The majority of the Court of Appeal allowed the appeal on the ground that the trial judge was bound to follow this Court’s decision in Rodriguez v. British Columbia (Attorney General),  3 S.C.R. 519, where a majority of the Court upheld the blanket prohibition on assisted suicide. The dissenting judge found no errors in the trial judge’s assessment of stare decisis, her application of s. 7 or the corresponding analysis under s. 1. However, he concluded that the trial judge was bound by the conclusion in Rodriguez that any s. 15 infringement was saved by s. 1.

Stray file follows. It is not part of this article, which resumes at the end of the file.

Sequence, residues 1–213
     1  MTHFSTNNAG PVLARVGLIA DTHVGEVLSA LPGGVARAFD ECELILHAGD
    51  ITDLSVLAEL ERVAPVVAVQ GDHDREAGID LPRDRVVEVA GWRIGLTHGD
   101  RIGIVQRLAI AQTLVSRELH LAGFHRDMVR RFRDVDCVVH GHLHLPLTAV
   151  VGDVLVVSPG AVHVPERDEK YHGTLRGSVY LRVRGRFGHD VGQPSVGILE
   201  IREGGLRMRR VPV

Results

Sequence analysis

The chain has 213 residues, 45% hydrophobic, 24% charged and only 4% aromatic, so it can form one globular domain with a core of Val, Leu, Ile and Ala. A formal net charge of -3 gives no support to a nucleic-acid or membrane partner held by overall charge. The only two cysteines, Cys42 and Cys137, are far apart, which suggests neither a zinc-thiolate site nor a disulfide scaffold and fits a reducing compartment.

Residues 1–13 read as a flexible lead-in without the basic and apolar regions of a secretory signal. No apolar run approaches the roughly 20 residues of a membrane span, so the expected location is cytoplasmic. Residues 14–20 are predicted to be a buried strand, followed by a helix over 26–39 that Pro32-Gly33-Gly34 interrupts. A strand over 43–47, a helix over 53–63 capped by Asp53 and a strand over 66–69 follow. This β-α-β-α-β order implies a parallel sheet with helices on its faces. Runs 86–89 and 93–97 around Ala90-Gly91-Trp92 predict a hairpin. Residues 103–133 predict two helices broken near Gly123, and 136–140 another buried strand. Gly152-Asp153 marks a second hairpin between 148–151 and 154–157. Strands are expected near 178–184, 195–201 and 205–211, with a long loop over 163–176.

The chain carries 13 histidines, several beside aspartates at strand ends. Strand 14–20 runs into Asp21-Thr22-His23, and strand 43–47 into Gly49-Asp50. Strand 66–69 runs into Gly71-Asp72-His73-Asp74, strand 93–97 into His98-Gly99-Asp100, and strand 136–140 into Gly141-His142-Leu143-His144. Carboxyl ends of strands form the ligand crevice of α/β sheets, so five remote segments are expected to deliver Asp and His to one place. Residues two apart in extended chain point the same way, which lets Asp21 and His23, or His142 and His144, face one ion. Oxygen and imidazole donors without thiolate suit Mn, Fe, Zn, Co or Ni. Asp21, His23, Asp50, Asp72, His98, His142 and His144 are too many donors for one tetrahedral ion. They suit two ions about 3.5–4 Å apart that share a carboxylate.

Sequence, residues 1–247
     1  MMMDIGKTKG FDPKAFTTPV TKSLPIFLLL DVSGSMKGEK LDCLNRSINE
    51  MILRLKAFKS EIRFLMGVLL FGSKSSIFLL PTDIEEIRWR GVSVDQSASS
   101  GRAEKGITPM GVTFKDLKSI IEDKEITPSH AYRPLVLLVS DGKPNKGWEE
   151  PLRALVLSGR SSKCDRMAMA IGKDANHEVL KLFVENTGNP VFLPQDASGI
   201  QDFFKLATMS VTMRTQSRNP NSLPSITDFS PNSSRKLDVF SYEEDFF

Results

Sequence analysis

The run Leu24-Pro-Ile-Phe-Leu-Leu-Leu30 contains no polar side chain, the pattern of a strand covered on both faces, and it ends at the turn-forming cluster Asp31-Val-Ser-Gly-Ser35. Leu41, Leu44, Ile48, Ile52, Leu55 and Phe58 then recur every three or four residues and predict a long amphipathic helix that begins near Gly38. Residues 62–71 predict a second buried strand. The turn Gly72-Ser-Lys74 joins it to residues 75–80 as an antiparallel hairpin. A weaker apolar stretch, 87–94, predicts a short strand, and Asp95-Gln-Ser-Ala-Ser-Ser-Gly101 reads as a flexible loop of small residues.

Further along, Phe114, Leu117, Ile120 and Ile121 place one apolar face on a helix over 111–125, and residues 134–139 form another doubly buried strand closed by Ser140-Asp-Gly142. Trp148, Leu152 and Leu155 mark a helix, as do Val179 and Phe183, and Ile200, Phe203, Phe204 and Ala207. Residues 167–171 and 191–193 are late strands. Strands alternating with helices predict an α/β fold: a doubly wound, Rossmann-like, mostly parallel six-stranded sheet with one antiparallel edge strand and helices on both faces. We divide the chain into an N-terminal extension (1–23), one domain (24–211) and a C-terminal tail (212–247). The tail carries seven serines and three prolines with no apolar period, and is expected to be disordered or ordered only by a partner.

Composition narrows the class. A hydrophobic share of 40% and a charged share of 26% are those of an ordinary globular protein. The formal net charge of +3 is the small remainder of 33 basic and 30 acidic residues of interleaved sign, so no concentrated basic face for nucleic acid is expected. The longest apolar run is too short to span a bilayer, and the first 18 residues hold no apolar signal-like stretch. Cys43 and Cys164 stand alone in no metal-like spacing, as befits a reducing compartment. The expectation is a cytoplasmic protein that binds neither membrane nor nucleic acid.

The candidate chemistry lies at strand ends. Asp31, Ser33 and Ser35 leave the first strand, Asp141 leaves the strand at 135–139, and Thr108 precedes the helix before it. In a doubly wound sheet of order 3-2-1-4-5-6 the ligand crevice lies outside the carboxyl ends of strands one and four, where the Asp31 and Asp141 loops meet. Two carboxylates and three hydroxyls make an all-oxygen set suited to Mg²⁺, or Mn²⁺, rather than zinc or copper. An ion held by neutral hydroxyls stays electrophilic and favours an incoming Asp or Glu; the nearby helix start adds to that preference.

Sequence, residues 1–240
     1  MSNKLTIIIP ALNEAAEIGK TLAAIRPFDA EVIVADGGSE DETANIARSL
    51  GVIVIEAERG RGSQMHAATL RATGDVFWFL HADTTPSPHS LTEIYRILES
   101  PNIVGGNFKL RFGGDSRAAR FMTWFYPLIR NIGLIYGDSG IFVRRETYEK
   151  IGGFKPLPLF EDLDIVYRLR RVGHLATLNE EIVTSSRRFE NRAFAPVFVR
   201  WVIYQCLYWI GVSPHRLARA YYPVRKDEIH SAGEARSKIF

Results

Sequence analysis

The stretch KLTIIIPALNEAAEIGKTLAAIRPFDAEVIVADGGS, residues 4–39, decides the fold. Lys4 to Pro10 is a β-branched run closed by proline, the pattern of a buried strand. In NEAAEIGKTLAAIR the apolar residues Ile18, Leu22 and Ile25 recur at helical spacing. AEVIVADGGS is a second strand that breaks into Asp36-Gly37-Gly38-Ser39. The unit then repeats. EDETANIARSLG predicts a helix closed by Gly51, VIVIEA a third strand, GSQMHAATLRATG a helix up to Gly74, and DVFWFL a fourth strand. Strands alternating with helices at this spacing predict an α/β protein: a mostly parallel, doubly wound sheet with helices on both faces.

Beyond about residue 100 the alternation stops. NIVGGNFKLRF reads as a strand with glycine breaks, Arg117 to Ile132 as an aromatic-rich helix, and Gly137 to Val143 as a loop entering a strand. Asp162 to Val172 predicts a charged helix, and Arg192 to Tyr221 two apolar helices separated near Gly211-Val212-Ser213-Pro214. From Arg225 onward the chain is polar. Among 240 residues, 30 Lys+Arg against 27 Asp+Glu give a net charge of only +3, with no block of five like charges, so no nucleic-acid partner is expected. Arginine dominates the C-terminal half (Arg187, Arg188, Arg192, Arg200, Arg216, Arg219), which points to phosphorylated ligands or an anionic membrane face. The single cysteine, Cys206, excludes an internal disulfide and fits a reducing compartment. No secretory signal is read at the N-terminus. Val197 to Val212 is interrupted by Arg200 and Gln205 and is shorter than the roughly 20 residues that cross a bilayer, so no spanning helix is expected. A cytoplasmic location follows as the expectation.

Held: The appeal should be allowed. Section 241(b) and s. 14 of the Criminal Code unjustifiably infringe s. 7 of the Charter and are of no force or effect to the extent that they prohibit physician‑assisted death for a competent adult person who (1) clearly consents to the termination of life and (2) has a grievous and irremediable medical condition (including an illness, disease or disability) that causes enduring suffering that is intolerable to the individual in the circumstances of his or her condition. The declaration of invalidity is suspended for 12 months. Special costs on a full indemnity basis are awarded against Canada throughout. The Attorney General of British Columbia will bear responsibility for 10 percent of the costs at trial on a full indemnity basis and will pay the costs associated with its presence at the appellate levels on a party and party basis.